Being a housewife is a 24/7 job, certainly, so it is a bit impossible to delve in to every aspect. I've talked many times about playing good defense with my family's finances and about the household management (ie, chores) aspect. I personally struggle with finding a good balance. I like to go all-in on a project and don't stop til I finish. It makes for some really screwed up priorities sometimes. The first few days of last week are a prime example. Some days I got so much work done around the house that I didn't make dinner or do therapy with Abigail, other days I was so lazy and slothful that I didn't get anything done around the house, make dinner, or do therapy with Abigail. Throw in a near-migrane last week and you have epic failure. The feeling that I was dropping all the balls on everything had me sure I was the world's worst housewife.
I started to get things back in order toward the end of the week and over the weekend, at which point I also started reading a new book. It came recommended to me by a very holy friend: A Mother's Rule of Life. It draws on the Rule of Life used in convents and monasteries, and adapts it to fit the life of a mother. I didn't know what it was before I started the book, so for all of you on the same page as me, it's a master schedule that everyone follows. "It deals with the essential responsibilities of your state of life, organized to ensure their fulfillment" (pg 14 in my Sophia Press copy). My mornings are naturally pretty well scheduled out, but after Abigail's nap (she now takes one two-hour-long nap in the middle of the day), things fall apart. Sometimes they'd stay so much apart that I wouldn't even get dinner made and we'd end up having pancakes or getting take-out. I also have a hard time getting back on track if I'm up all night with Abigail or I get a headache or something comes up unexpectedly. Lastly, I'd never really feel like I had time to pray, so the closest we got to praying as a family was saying grace before dinner.
It was ugly and embarrassing, my friends.
But anyway, so I'm reading the book and shocked at how much more productive I am in such a short time. The first day I started it, I found time to clean the bathroom, scrub the microwave (I think the last time I did that, I wasn't even pregnant yet), make dinner, spend time in wholesome, one-on-one play with Abigail, work on my Etsy shop, exercise, do everything I normally do, spend about 3 times longer in prayer than I normally do, AND have personal time after Abigail went to bed at 7:15pm. (Note: about half of my Etsy work happened after she went down). Having master routine makes it really easy to snap back if something throws me off and keeps me focused when it's 3:00 and I just want to veg. I'm still in the "honeymoon phase" with my new plan of attack, but I have high hopes. I particularly hope that Abigail will learn that I have dedicated play times with her and will be more inclined to let me make bread and stuff while she is still awake.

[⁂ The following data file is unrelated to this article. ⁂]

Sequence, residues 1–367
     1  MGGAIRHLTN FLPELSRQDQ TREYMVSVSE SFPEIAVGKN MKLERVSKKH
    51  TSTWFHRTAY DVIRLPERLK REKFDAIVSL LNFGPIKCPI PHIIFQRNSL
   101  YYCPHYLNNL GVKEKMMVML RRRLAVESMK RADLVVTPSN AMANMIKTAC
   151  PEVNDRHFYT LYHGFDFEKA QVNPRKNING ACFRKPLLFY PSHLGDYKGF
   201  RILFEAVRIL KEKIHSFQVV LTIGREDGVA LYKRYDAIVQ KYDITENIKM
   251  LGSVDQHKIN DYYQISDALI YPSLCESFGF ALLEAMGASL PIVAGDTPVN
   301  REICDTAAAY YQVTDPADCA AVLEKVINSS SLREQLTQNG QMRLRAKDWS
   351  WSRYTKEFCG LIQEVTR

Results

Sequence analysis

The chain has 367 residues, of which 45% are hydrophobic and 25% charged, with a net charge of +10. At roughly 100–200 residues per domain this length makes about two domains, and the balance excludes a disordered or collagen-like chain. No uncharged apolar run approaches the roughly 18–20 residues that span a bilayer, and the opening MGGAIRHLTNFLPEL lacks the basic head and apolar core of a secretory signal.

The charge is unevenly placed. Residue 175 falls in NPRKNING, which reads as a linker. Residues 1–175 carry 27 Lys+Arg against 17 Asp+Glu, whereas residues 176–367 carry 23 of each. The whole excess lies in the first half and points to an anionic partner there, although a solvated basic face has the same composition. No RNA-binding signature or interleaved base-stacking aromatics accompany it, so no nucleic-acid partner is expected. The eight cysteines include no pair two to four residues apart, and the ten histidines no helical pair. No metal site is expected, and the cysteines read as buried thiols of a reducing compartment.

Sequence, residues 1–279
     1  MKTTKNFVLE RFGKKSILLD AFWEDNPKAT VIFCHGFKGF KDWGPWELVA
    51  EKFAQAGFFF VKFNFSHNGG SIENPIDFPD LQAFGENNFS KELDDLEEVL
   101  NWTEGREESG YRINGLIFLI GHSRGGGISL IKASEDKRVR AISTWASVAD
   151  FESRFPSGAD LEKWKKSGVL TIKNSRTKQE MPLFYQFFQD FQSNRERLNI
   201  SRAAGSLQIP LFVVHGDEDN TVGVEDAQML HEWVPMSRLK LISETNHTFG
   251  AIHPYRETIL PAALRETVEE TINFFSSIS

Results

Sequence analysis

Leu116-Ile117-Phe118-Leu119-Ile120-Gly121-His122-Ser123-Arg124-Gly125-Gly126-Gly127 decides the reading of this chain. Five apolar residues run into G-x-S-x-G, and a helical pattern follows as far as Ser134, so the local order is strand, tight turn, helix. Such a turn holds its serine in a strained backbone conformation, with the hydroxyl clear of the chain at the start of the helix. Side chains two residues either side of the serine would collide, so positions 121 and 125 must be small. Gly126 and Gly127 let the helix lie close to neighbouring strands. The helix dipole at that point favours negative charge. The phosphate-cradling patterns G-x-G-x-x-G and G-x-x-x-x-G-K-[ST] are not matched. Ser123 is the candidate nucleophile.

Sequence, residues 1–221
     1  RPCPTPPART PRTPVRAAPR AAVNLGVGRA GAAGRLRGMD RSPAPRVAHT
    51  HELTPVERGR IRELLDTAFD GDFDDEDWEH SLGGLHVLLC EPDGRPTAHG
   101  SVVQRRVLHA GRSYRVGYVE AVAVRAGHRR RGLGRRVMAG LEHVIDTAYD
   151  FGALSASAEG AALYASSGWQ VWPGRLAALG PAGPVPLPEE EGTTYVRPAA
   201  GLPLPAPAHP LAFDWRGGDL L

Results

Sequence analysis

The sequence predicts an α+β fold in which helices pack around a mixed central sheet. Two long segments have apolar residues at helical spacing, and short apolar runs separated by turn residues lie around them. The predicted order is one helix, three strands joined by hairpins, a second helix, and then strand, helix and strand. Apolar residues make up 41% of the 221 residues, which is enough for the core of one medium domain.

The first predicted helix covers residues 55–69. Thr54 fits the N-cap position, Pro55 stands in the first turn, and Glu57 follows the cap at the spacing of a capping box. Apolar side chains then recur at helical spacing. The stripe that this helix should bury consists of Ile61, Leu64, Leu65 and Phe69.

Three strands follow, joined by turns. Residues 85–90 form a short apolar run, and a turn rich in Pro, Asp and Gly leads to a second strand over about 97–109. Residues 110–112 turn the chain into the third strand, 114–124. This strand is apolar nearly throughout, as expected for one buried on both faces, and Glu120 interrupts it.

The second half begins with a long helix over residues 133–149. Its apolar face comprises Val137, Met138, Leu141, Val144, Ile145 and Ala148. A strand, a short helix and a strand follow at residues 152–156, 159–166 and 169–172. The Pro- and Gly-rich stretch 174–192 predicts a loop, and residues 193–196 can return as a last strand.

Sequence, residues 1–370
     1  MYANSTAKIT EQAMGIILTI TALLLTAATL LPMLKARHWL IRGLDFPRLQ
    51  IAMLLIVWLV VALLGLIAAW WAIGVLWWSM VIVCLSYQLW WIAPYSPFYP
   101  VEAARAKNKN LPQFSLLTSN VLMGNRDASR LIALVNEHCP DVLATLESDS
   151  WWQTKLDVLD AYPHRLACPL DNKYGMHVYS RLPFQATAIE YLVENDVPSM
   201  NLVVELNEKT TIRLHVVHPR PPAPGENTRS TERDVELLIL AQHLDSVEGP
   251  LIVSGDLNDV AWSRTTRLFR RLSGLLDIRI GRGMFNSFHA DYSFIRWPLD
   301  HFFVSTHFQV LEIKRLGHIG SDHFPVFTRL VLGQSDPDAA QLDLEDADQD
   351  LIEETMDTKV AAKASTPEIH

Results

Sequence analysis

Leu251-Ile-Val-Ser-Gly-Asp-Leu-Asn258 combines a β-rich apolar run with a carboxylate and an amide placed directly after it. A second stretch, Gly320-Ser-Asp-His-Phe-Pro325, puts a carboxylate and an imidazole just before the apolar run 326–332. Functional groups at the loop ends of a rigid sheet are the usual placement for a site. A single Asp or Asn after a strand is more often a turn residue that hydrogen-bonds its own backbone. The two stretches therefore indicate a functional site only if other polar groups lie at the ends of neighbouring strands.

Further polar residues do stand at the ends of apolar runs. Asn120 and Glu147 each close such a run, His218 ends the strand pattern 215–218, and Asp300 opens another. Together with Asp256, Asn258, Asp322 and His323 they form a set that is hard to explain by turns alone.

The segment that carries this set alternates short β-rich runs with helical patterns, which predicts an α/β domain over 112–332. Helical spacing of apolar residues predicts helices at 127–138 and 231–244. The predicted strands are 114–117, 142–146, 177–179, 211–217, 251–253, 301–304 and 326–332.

When I was putting our schedule down in writing, it was easy to see how little time I was dedicating to God and I found plenty of places to "squeeze" in more. It is also helping me to create routines where I always pray at certain times of the day so I'm less likely to forget. As a result, I've been memorizing more scripted prayers, geting more confident praying "impromptu" in front of others, and just thinking about God more often throughout the day. My patience is much longer, I'm enjoying my free time more, and I'm wwwaaayyy nicer to Matt when he gets home after I've spent the day with a fussy baby. So far, so good.